Climate Journalism or Communications: Climate data is proliferating and more people want to understand what that data means. Communicating on sustainability to inform and build trust is an important job, especially with the growth in scrutiny surrounding greenwashing. Communications can range from climate journalism, many major newspapers now have dedicated climate editors, to in-house communications officers at major companies. 

Engineers: From civil or chemical to environmental, engineers will be needed to develop and iterate new technologies. Vacancies for ‘green’ engineering roles are on the rise and engineers have important roles to play across sustainable development goals. 

Environmental Scientists: Environmental scientists and specialists work to protect the environment and human health. They may clean up polluted areas, advise policymakers, or work with industry to reduce waste.

Circular Economy Managers: There is a growing interest in the circular economy, a system where materials never become waste and nature is regenerated. In a circular economy, products and materials are kept in circulation through processes like maintenance, reuse, refurbishment, remanufacture, recycling, and composting. A circular economy manager could be tasked with identifying the potential of circular economy practices, enhancing performance while minimizing environmental impact and embedding circular economy practices across an organization. 

Still unsure of where your skill set would fit within sustainability? 

Start by breaking down your skills. What skills do you have that could be transferable and usable today?

Transferable skills could be those that can be applied across multiple disciplines for instance creativity, communications, critical thinking, analytical skills or problem-solving. Technical knowledge is that which is specific to your field or degree that makes you an expert in that refined sector, for example specific coding languages, software, medical science or accountancy skills. Cross-reference the skills you have with the skills listed on your ideal job adverts. Where are the gaps? Search for courses that will help you fill them.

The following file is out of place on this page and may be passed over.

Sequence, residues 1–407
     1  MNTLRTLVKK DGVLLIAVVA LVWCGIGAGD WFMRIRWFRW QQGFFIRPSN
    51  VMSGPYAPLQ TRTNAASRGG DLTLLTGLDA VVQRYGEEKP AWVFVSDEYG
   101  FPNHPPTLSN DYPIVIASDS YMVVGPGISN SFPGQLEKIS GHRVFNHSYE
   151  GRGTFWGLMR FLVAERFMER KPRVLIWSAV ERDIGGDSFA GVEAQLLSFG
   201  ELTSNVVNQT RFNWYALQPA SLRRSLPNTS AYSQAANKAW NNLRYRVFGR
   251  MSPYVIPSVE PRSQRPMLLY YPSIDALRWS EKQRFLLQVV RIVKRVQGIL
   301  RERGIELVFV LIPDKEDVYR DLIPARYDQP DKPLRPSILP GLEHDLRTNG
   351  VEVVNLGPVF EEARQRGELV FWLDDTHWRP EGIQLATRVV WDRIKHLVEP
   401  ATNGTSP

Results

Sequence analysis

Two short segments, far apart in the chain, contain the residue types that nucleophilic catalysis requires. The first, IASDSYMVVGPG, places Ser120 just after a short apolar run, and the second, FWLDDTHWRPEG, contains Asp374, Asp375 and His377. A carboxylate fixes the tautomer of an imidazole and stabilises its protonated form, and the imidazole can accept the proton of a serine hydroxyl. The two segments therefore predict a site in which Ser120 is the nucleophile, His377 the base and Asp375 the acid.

How do I gain green skills today?

Knowing your career aspirations is great, but as a recent graduate you will still face considerable competition. Standing out is vital so you need to find ways to demonstrate your passion for sustainability that go beyond a degree certificate. Start by researching and following experts in your field and keep up to date on changes and developments. 

Knowledge is powerful but experience is even better. Search for volunteering or internship programs that allow you to learn on the job. In 2023, I did exactly this and volunteered as a business and partnerships intern for a small social enterprise who make sustainable period products for rural communities in Indonesia. I gained an array of transferable skills such as business development and partnership communication.

If you are facing stricter time restraints then check out some online courses such as these on Linkedin Learning about how tech drives sustainability, green jobs for sustainable careers and things to know about carbon and the climate. Coursera also offers sustainability courses across sustainable finance and ESG. All of which are great ways to gain technical knowledge prior to graduating.

Interested to find out how you can get practical experience in sustainability? Sign up for more information about our sustainability internships here.